|tourists go around Newport, RI in these cute toy cars for two|
|Fr. McGiveny, founder, Knights of Columbus|
at the Knights of Columbus Museum, New Haven, Ct
The state’s geography has given it a strong maritime tradition, which continues today. Connecticut's other traditional industry is financial services. One of the most distinctive landmarks of the state is the Travelers Tower at the Travelers Insurance building in downtown Hartford. These combine to give the state has the highest per capita income, Human Development Index, and median household income in the US.
|Travelers' Tower, from where you can get a good view of Hartford, Connecticut|
|Trash Museum in Hartford, Connecticut leads the way|
|Yale Chemistry Building in New Haven, Connecticut|
The other city of note in Connecticut is New Haven, home to the beautiful campus of Yale University, an Ivy League school. Bill finally saw this college that had offered him a full scholarship after graduating from Pittsburg High School. He chose to go to Oberlin College near Cleveland, Ohio, though. He found the Yale campus, especially the old district, so charming that Bill has no doubt he would have enjoyed Yale at least as much as Oberlin, if not more.
|Mark Twain House in Hartford, Connecticut|
|Harriet Beecher Stowe house in Hartford, Connecticut|
This is accompanied by excellence in literary works! The lovely Mark Twain (1835-1910) House, where he saw much of his wealth disappear due to bad investments in the printing industry, is in Hartford. It was amazing to find out that the Harriet Beecher Stowe (1811-1896) Center and House sit on the same block. Harriet Beecher Stowe’s landmark novel was ‘Uncle Tom’s Cabin’ which helped lay the groundwork for the Civil War. Mark Twain published the ‘Adventures of Huckleberry Finn’ 20 years after the Civil War, a scathing look at entrenched attitudes in the South, particularly racism.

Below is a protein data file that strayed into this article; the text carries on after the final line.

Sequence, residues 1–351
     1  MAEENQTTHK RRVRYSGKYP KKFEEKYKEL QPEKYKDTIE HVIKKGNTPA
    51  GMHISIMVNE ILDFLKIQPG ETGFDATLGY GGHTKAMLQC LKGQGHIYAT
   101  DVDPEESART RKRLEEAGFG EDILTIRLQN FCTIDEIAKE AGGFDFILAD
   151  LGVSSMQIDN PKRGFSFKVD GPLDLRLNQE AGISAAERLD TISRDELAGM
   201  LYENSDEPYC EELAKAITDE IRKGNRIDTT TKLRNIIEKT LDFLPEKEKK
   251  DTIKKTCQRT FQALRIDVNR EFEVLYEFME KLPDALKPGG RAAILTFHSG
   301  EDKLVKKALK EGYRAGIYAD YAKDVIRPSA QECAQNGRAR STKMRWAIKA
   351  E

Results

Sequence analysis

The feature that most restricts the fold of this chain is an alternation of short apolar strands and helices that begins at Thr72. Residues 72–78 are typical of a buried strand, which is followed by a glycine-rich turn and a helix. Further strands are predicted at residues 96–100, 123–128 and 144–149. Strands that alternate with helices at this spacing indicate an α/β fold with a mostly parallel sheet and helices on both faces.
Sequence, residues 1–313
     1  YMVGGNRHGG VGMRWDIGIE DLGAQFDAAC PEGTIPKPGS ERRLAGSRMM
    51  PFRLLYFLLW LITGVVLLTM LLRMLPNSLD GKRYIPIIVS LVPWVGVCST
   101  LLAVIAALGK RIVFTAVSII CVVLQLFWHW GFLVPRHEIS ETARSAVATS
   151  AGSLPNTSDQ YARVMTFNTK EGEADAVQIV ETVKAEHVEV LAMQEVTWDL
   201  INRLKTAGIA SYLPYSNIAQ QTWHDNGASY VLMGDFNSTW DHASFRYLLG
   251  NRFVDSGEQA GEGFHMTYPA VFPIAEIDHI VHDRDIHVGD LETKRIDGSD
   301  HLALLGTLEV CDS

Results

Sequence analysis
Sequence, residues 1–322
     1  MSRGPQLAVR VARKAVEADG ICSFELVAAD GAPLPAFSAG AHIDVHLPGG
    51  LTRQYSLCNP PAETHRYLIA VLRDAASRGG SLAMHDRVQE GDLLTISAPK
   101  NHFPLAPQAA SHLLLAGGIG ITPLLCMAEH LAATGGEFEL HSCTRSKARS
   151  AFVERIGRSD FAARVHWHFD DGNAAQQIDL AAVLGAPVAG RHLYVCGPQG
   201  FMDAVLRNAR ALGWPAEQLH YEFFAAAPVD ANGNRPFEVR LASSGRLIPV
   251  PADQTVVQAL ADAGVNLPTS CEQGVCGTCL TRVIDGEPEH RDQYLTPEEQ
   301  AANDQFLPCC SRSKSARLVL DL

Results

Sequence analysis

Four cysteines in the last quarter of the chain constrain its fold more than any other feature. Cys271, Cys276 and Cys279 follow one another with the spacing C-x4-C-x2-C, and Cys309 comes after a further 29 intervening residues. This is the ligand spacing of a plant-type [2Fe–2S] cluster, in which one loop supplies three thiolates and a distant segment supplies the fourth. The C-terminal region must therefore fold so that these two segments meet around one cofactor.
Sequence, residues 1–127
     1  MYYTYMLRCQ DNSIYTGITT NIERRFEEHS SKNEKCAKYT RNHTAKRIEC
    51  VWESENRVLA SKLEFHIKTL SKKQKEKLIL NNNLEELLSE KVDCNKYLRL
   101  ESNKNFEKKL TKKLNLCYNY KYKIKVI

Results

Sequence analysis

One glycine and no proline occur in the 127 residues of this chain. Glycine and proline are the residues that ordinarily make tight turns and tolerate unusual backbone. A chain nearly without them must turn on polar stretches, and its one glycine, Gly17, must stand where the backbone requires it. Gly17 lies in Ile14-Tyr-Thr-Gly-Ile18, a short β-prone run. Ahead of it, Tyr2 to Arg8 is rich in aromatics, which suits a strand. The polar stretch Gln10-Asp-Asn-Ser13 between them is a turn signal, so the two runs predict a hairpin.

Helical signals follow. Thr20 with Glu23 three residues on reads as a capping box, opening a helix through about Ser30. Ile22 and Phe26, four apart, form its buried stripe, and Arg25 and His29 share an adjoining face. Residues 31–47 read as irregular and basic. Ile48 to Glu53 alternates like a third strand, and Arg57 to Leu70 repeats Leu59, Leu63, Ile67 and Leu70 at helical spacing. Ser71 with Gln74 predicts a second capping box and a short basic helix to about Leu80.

|flowers, rocks and water merge into one beautiful scene|
at the Cliff Walk, Newport, RI
|lunch at The Porch, soaking up the scene, Newport, RI|
Rhode Island, officially the State of Rhode Island and Providence Plantations (former names of Newport and Providence), is the 8th least populous but the 2nd most densely populated of the 50 states. It shares a water boundary with New York's Long Island to the southwest with many bays and inlets (14% of its area). It holds the distinction of being the first of the 13 original colonies to declare independence from British rule.
|Roger Williams still overlooking the city he founded, Providence, RI|
|Betsy Williams' cottage at the Roger Williams Park in Providence, RI|
Roger Williams was a theologian forced out of the Massachusetts Bay Colony so he and others founded "Providence Plantations" and he became the voice of religious freedom and the separation of church and state. Beautiful ideals! His statue and memorial stands at the highest hill overlooking the city of Providence, at Prospect Park. There is also a lovely Roger Williams Park and Zoo. The Sentinel Dog is supposed to be in the Zoo but it was closed. But we found his wife’s cottage, a lake and the carousel village.
|Amazing Waterfire at the Waterplace Park and Riverwalk, Providence, RI|
|Waterplace Park Memorial in Providence, RI, stands like a candle|
|at Forty Steps along the Cliff Walk of Newport, RI|
|Bill contemplating life at the end of the Cliff Walk, Newport, RI|
But Newport is downright special. The Cliff Walk is a 2-mile walk along the coastline of the city which featured beautiful panoramas of the sea and land meeting together in spectacular beauty. We didn’t walk it though but drove to three of its most picturesque points: Forty Steps, The Breakers, and Ledge Road at the cliff’s end. The Walk also gave us a wonderful vantage point to the backs of the elegant historical mansions on Bellevue Avenue, closely paralleling the Walk and coastline.
|we found this mansion right on the Cliff Walk at Newport, RI|
|International Tennis Hall of Fame, Newport, RI|
|Venice-type gondolas are available at the Riverwalk, RI|